I have realised as I’ve written this post that it is quite long winded and references an array of Kata. Whilst I have different books and sources in front of me I may have used spelling and terminology from particular text.
I have recently been reading Mario McKenna’s translation of Mabuni’s Karate Kempo: The Art of Self Defense, having previously bought and digested his translation of the Study of Seipai. An interesting comment sprung out at me when he introduces the chapter on Seiunchin: “There are thirty advanced kata…”
Mabuni is renowned as a collector of Kata and certainly Shito-Ryu has now has more than thirty kata in its approved kata list, albeit there are a number of “derivatives” in there as opposed to unique kata. So which kata did Mabuni consider to be the thirty advanced kata of his karate at this point, 1934?
Interestingly I note from the text that at this point Mabuni considers himself to be a practitioner of, or belong to the school of Goju-Ryu. He refers to Miyagi as his senior at a number of points in the text. However from what I understand Goju-Ryu does not utilise anywhere near thirty kata.
Certainly the list should include Seiunchin as that is the subject of the text, also the book references Seipai, Senseru, Useishi, Suparempei. So that’s five, just twenty five to go.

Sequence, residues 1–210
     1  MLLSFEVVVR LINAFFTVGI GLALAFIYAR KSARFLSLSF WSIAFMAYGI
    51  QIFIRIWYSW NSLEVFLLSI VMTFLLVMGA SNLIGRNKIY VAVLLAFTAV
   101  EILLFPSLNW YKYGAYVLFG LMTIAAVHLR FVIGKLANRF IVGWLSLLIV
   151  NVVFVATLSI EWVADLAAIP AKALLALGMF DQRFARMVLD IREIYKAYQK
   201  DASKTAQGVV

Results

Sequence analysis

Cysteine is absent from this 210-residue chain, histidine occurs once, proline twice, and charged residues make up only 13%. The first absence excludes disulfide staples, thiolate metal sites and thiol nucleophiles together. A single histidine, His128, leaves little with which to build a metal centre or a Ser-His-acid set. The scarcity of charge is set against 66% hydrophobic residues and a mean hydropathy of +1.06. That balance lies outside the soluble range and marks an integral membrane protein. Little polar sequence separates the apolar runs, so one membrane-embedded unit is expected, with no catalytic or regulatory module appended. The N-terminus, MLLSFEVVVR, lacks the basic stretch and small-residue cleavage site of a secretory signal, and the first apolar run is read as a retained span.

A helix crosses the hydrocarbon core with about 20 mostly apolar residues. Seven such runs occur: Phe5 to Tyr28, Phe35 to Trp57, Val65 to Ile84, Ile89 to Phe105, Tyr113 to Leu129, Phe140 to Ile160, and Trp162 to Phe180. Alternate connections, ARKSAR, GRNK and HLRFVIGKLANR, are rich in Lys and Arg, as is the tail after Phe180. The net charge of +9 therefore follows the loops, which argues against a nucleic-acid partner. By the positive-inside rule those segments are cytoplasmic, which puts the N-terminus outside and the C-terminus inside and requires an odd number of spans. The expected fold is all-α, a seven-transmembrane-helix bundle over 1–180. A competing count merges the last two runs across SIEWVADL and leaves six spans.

What is not included, as the text refers to Sanchin as a basic kata I would also rule out Tensho. Today most of us would not consider the Pinan Kata to be advanced kata, they had certainly been in existence for some time by 1934 and would certainly have been known to Mabuni, if they are discounted that leaves five more kata to find.
Also taking the lead of those kata listed I would have thought Seisan should be included along with Kururunfa which is used in both Goju-Ryu and Shito-Ryu. In addition following the numerical forms referenced in the text, Niseishi should be included.
Aside from Higashionna, Mabuni was a student of Itosu. So perhaps the following kata should be included within the list, Bassai (possibly two entries Dai and Sho – although Shito-Ryu also uses Tomari-no-Bassai), Kusanku (again possibly two entries for Sho and Dai) Mabuni developed Kosokun Shiho from this kata – an interesting fact I picked up from a post on this forum.
Mabuni is also credited with taking the Chinese form Nepai and developing Nipaipo. Also although not in the Goju-Ryu or Shito-Ryu lists Mabuni spent time working with a touring Okinawa in the early 20th Century with a number of Karate notables including Funakoshi and Motobu who both practiced Naihanchi so it is fair to say he would have known this kata.
So from this I get to twelve kata, fourteen if you allow Sho and Dai versions of Kusanku and Bassai.
Bassai (Dai and Sho)
Kusanku (Dai and Sho)
There are a number of other classical kata not included in the above but I don’t have a specific link to Mabuni. I would greatly appreciate others input, particularly with reference to linking the kata to Mabuni.